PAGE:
- Unusual reasons:
- A one-time opportunity is available. Eg: A country is deregulating, and issuing licenses. Or, the industry is in a slump and acquisition is easy.
- Constraints. The company may not have a choice. Eg: contracts. Dhabhol has no choice about paying Enron.
- Temporary reasons (a dip in the existing markets etc. – if it is only temporary less resources need to be invested.)
Objective: Determine if industry is attractive.
Porter proposed that the success of the company is determined by the structure of the industry. The 5-forces framework helps us analyse the industry structure.
Another theory is that the success of the company is determined by a company’s unique resources and capabilities.
Yet another theory is that it depends on the parent or holding company.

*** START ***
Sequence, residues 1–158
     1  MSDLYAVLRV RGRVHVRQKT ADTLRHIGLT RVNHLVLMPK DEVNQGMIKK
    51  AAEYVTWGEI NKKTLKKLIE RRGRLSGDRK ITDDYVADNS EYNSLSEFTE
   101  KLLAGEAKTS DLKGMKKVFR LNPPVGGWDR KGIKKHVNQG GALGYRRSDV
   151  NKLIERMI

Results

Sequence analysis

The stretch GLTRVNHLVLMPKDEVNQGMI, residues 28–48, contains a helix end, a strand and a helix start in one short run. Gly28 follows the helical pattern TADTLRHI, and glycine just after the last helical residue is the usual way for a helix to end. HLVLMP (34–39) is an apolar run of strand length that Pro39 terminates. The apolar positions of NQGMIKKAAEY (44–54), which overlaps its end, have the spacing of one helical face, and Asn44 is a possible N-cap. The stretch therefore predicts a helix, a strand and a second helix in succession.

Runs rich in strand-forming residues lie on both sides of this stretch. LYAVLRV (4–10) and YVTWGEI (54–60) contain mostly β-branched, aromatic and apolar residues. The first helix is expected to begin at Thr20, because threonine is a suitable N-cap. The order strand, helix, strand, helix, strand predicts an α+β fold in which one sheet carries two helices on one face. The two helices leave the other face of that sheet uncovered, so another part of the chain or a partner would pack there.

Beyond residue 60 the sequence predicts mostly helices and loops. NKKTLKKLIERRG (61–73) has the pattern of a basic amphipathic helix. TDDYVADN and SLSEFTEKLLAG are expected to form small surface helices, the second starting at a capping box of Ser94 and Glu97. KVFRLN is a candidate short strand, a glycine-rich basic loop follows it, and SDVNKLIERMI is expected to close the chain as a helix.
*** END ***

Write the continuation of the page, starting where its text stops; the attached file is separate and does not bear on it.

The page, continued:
Studies (including Porter’s) have shown that the industry determines 20-25% of the company’s success. The resources & capabilities determine 30-35%, the parent company determines 2% or so, and the rest is unexplained.
Objective: Determine if company will do well in industry.
For more details on this, refer Chapter 8 of Hill & Jones.
Competitive advantage stems from the common elements of the key industry success factors and the distinctive (i.e. unique to the company) resources and competencies of a company. There are four places to look for such competitive advantages:
Objective: Identify and subjectively evaluate risks. Think of recommendations.